Broome History

The history of Broome dates back to the Yawuru people, the local Aborigines that inhabited these lands before European settlement came. The indigenous people of the Kimberley region and Broome called these lands home for around 27 thousand years until the year 1688 when William Dampier first came to Broome to visit and chartered his way along the west coast of Australia and then returned in 1699. Many attractions and sites are named after William Dampier! But it wasn’t until around the year 1879 when Charles Harper suggested that Broome would serve as a great location for pearling grounds as many were discovered in Roebuck Bay.

Sunset on the Beach

A site for the town of Broome was then declared in 1883 by John Forrest and was named after Sir Fredrick Broome who was then the Governor of Western Australia. Settlers came from all around to harvest the mother of pearl and from this point on the landscape, traditions, and culture of Broome and the Kimberley were never the same again. By the late 1880’s Broome was a hive of activity and also say the construction of the new telegraph cable linking the colony to England which gave the still-existing name of Cable Beach. Pearling became a world-known luxury with the Japanese taking hold of many of the pearling luggers. Aborigines were taken in as slave labour and made to stand the harsh cruelty of the ocean waters such as the bends, shark attacks, and drowning. Many died of starvation if malaria hadn’t already taken its toll on them and they were made to work long days diving for the precious mother-of-pearl shells, and if an actual pearl was discovered it was an added bonus as the shell was what produced the many luxuries that people back then wanted such as pearl buttons and cutlery handles.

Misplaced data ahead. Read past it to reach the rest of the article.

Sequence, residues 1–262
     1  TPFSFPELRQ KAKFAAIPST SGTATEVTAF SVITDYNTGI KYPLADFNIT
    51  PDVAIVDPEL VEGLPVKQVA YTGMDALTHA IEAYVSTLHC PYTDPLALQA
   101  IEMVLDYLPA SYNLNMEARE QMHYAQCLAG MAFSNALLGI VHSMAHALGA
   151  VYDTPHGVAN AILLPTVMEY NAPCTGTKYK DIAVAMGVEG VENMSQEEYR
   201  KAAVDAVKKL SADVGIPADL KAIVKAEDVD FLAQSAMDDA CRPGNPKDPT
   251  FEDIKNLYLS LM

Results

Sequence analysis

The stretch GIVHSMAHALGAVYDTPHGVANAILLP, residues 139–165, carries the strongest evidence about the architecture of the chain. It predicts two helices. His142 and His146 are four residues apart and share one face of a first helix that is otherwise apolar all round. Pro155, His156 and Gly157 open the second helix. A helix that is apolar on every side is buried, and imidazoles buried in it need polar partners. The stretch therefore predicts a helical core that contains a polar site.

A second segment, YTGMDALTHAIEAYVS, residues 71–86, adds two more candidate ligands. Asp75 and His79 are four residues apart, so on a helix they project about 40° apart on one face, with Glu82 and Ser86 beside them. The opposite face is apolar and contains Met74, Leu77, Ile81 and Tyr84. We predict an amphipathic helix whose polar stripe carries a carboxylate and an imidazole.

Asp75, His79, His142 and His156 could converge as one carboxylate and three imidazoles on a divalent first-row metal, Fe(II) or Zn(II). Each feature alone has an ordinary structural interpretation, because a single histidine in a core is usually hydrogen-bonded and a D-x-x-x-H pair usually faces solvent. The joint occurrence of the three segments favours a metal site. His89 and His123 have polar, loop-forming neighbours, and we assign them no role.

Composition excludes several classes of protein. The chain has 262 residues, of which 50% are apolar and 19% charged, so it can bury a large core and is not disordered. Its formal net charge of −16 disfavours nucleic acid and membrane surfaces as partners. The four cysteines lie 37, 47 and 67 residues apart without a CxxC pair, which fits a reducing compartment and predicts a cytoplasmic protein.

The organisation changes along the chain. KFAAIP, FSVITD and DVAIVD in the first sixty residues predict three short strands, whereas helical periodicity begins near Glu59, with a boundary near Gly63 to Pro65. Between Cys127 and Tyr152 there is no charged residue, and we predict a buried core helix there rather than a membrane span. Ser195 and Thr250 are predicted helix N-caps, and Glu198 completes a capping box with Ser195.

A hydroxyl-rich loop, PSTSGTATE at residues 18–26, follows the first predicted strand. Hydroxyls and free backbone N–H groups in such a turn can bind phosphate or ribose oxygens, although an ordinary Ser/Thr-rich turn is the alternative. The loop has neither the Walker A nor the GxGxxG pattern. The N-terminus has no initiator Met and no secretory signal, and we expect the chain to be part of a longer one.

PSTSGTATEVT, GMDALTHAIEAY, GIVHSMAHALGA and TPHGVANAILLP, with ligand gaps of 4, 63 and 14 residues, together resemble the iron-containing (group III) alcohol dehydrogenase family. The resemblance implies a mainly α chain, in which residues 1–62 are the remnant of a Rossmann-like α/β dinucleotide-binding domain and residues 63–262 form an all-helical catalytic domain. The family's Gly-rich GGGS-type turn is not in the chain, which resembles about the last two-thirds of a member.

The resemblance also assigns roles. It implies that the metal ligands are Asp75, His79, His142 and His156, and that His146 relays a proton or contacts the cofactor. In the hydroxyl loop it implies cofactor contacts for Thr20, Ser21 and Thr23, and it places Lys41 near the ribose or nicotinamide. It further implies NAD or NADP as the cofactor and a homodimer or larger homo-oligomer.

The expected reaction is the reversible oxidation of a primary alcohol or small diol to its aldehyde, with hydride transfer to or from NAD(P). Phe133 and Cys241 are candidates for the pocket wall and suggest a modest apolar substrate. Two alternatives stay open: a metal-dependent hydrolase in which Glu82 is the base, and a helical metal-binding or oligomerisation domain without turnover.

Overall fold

Beach Red Sand

Broome then quickly became the biggest pearling centre in the world and by 1910 there were more than 400 pearl luggers working the waters just off Broome. When Roebuck Bay pearl numbers decreased it was decided to move to deeper waters for the pearl shells which saw the release of the local Aborigines because they were no longer needed as new equipment was donned with professional divers from mainly Asia as they controlled the market at this time, and to this day you can see many of their headstones in the Japanese Cemetery in Broome. The pearling industry saw many difficulties such as WWI, cyclones, and storms that brought the pearl luggers to a grinding halt. During the first world war, the Japanese divers were interned and the pearl numbers dropped then came to the new development of the plastic button which saw the pearl industry drop to around a quarter of its size. Then came the second world war which took the remaining Japanese divers home many of the pearl luggers were bombed and destroyed. But then in the 1950’s the pearling industry came alive again and now produces around 70% of the world’s naturally cultured pearls.

Broome then grew over the years to become the bustling coastal town that it is today, with its International Airport that began its construction back in 1991 which is a far cry from the landing strip that used to be anywhere along Cable Beach that was smooth enough for a landing back in 1922. Over the years the Airport has undergone many expansions so it grows with the population and increasing tourist numbers to the town that come in from all across Australia and the world. Broome is a very popular tourist destination and the history and culture that makes up a great part of this seaside destination can be seen in the museums, written on stone walls, and experienced in the historic Chinatown or with its many attractions.